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Why soft law is powerless to clean up the gold supply chain

The human rights and environmental risks that taint the supply chain of gold and other mining commodities will be no surprise to anyone who reads the newspapers. North Mara gold mine in Tanzania made headlines just last week after an investigation into mass murder and rape of local villagers and deadly contamination from a leaking tailings dam.

Similar stories are reported and remain unreported across sub-Saharan Africa, Latin America and other major mining regions in the Global South.

Also no surprise is the ability of powerful multinational mining corporations to gain large concessions of land with long durations and generous tax breaks in resource-rich, corruption-riddled countries like the DRC.

The scale of money laundering involving gold is perhaps also unsurprising. This ranges from the laundering of bribes and cash from stolen gold to the Colombian narco-traffickers “who make billions turning cocaine into clean cash by exporting [gold] to Miami.”

What is surprising is that anyone can seriously argue that soft law and industry self-regulation are sufficiently tough to deal with these risks.

Currently, the sourcing of metals and minerals from conflict-affected and high-risk areas is governed by soft-law instruments like the OECD Due Diligence Guidance and its Supplement on Gold. A cluster of trade associations, such as the London Bullion Market Association and Responsible Jewellery Council, are responsible for regulating the very same companies they represent.

Does this system work? The mining corporations, refineries, traders and jewelers say yes. I examine the problems with self-regulation in detail in my recent book, Gold Laundering, but the short answer is no. Weakened versions of the OECD guidance limit due diligence requirements to the immediate supplier, ignoring the parts of the supply chain where the corruption and human rights risks are greatest. Audits demonstrate a tick-box approach to compliance and there is little or no transparency.

There are “weaknesses in company sourcing practices, including among those participating in industry programs,” says the OECD diplomatically.

The United States seemed to be leading the way in cleaning up the gold trade — as it did in combating corporate bribery with the FCPA — when it enacted the Dodd-Frank Act of 2010. Section 1502 introduced a transparency concept that obliged U.S. companies to implement a compliance program and report on compliance efforts to the U.S. Securities and Exchange Commission. It was a step in the right direction towards ensuring a supply chain free of human rights abuses, conflict and corruption.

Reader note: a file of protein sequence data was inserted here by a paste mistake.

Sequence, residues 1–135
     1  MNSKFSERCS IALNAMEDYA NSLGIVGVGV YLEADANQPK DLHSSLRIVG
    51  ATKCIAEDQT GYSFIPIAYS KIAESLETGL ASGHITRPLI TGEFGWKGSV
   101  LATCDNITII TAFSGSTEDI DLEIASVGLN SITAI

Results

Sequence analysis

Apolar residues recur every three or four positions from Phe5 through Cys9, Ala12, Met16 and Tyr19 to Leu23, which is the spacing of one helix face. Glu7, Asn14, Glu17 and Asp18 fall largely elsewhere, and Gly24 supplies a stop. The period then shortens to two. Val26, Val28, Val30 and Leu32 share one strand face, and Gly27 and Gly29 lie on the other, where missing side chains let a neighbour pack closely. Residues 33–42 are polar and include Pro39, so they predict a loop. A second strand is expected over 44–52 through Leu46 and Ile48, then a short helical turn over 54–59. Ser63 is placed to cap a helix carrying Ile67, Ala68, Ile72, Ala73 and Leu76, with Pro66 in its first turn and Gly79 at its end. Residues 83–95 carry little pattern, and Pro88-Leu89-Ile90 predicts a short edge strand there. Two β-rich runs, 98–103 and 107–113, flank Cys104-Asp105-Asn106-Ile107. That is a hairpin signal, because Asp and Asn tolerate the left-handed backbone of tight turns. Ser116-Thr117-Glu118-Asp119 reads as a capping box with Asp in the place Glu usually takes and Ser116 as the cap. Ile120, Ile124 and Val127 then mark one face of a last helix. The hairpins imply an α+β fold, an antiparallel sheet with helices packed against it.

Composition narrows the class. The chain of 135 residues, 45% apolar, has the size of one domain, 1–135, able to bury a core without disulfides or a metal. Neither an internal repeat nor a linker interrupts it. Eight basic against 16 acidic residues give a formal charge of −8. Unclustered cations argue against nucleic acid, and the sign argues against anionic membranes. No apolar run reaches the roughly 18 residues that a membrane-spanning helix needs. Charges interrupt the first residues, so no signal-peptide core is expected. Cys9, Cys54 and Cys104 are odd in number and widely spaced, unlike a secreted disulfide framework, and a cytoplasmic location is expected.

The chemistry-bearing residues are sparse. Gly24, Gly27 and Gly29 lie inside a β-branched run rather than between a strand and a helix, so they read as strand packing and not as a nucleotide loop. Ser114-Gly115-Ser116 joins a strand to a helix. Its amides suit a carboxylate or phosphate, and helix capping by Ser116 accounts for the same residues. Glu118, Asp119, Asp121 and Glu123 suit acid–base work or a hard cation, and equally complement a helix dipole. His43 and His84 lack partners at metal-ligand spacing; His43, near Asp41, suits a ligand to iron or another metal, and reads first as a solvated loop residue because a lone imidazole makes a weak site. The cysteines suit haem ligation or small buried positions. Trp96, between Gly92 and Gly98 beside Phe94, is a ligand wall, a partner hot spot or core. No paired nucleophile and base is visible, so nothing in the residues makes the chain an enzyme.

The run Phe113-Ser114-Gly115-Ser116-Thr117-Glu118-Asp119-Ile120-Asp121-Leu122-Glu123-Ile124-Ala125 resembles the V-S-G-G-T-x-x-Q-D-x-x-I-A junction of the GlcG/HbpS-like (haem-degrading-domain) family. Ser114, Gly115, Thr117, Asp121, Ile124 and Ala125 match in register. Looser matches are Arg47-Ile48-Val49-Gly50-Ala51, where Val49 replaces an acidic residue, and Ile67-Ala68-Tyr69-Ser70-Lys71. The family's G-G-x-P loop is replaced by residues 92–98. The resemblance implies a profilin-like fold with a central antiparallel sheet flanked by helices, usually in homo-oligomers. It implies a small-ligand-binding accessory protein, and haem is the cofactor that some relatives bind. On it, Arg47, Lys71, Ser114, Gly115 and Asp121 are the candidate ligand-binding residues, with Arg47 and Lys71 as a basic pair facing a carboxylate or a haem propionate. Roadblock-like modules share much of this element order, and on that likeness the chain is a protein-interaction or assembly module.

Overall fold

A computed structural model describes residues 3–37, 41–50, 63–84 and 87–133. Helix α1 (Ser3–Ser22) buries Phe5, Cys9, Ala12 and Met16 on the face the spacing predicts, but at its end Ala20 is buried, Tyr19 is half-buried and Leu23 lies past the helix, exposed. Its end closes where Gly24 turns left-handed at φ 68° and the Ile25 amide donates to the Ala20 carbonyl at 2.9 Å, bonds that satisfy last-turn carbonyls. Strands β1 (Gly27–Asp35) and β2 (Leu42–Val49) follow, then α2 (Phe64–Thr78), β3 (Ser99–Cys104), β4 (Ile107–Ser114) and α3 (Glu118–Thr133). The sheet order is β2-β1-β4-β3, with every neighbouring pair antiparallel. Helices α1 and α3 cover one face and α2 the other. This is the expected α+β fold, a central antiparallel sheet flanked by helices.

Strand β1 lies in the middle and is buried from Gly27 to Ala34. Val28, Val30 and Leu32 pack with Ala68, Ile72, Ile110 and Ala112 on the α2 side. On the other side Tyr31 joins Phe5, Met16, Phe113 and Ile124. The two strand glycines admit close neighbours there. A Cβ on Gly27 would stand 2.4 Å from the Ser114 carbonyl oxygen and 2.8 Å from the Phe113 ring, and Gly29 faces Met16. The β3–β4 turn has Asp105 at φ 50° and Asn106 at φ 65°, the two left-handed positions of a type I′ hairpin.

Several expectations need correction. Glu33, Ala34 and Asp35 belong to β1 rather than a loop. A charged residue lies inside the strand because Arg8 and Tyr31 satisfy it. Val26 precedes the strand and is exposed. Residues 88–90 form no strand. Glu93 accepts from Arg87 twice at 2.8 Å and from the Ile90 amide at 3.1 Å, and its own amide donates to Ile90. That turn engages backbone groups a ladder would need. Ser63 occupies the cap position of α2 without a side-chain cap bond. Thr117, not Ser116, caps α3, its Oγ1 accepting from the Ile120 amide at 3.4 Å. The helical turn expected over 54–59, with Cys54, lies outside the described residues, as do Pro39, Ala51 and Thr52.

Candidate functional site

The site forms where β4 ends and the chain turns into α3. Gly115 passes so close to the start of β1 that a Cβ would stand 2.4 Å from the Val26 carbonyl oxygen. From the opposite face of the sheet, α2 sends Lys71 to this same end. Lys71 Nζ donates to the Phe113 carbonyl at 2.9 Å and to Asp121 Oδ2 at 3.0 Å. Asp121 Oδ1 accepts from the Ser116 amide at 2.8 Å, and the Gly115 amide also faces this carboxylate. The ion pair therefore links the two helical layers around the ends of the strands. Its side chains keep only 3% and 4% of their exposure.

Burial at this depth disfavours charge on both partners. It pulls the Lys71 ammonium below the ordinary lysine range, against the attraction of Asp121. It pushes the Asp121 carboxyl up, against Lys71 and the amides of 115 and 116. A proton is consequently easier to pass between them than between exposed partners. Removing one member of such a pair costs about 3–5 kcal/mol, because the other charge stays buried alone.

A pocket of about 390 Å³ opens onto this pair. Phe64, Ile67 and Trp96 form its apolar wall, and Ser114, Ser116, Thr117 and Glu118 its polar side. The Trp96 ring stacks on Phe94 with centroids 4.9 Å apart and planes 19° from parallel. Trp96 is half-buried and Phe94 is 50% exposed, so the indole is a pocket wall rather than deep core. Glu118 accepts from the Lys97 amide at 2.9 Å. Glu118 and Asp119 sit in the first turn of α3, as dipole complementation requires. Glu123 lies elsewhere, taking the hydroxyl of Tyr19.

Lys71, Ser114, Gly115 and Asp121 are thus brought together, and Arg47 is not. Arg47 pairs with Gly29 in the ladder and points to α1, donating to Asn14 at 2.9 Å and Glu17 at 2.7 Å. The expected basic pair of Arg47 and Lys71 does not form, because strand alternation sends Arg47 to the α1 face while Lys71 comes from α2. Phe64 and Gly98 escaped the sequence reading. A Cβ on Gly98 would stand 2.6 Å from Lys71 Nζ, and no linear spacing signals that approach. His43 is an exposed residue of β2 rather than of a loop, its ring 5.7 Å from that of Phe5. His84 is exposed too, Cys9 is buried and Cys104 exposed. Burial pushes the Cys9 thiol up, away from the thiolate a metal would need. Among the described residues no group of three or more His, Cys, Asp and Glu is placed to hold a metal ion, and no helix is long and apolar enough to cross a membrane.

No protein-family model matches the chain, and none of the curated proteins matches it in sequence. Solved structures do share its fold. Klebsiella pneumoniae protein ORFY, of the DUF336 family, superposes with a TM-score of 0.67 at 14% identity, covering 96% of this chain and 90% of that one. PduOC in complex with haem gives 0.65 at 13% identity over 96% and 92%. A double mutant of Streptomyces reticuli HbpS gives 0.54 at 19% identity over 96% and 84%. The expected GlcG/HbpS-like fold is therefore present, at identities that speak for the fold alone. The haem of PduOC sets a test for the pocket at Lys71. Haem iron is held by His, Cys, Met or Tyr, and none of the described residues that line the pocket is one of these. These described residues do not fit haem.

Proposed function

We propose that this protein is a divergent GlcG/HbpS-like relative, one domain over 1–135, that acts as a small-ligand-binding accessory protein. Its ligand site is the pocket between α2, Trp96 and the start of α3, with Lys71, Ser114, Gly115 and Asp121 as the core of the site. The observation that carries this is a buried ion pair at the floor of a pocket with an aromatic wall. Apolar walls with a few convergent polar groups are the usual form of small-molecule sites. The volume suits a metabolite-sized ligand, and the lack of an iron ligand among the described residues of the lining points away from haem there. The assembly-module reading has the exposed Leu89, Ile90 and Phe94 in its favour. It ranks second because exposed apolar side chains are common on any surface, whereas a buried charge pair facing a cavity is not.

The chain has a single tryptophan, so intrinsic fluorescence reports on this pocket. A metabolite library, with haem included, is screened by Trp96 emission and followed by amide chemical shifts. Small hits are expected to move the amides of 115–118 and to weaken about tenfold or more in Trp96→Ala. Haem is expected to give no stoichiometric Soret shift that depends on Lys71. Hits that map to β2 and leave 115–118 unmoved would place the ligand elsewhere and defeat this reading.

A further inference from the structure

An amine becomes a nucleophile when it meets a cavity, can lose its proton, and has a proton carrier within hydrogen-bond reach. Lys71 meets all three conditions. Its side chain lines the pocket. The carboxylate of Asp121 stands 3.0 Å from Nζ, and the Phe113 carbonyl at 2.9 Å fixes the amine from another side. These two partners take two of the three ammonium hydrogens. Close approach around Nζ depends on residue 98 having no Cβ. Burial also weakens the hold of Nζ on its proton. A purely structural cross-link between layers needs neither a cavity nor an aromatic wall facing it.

I use the past tense because key sections of the Dodd-Frank Act, including Section 1502, have since been repealed by the Trump administration.

Meanwhile, Europe is moving ahead: the new Conflict Minerals Regulation due to enter into force in 2021 will in effect make the OECD guidance binding for companies in EU member states sourcing tin, tantalum, tungsten and gold. China launched a similar initiative to develop due diligence guidance for responsible mineral supply chains in 2015.

For the rest of us, including the United States and my own country of Switzerland — which imports and refines up to 70 percent of the world’s gold every year — the industry is still fiercely opposed to mandatory regulations enforcing transparent reporting and proper due diligence on the supply chains of gold and other mining commodities.

The corruption that fuels conflict and opens the door to rampant human rights abuses and environmental damage flows right down through the gold supply chain to the doors of the refineries. Here, the gold is “laundered” of its dirty history and sold on to be transformed into our watches, our wedding rings and the components in our laptops and cell phones.

Soft law needs teeth to tackle the hard problems of corruption, money laundering, conflict, child labor and other social and environmental atrocities that taint the gold supply chain — and perhaps more importantly, the rare earth elements that are the “gold” of the future. 

The EU is taking a step in the right direction with its Conflict Minerals Regulation. Will the rest of us follow?


Mark Pieth, pictured above, is Professor of Criminal Law at the University of Basel and President of the Basel Institute on Governance, a research and policy institute he founded to help combat public and private sector abuses of power. He was a founding member of the Financial Action Task Force on Money Laundering, Chair of a UN Intergovernmental Expert Group on illicit drug trafficking, and served 24 years as Chair of the OECD Working Group on Bribery.

His latest book, “Gold Laundering: the dirty secrets of the gold trade – and how to clean up” offers an in-depth insight into the risks and regulations around corruption, money laundering, human rights and the environment in the global gold trade. It is published by Salis in English and German.

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1 Comment

  1. Dodd-Frank Section 1502 and the implementing regulations have not been repealed. They are still on the books and remain legal mandates. What has changed is the SEC's official position on enforcement of certain aspects of the regulation.

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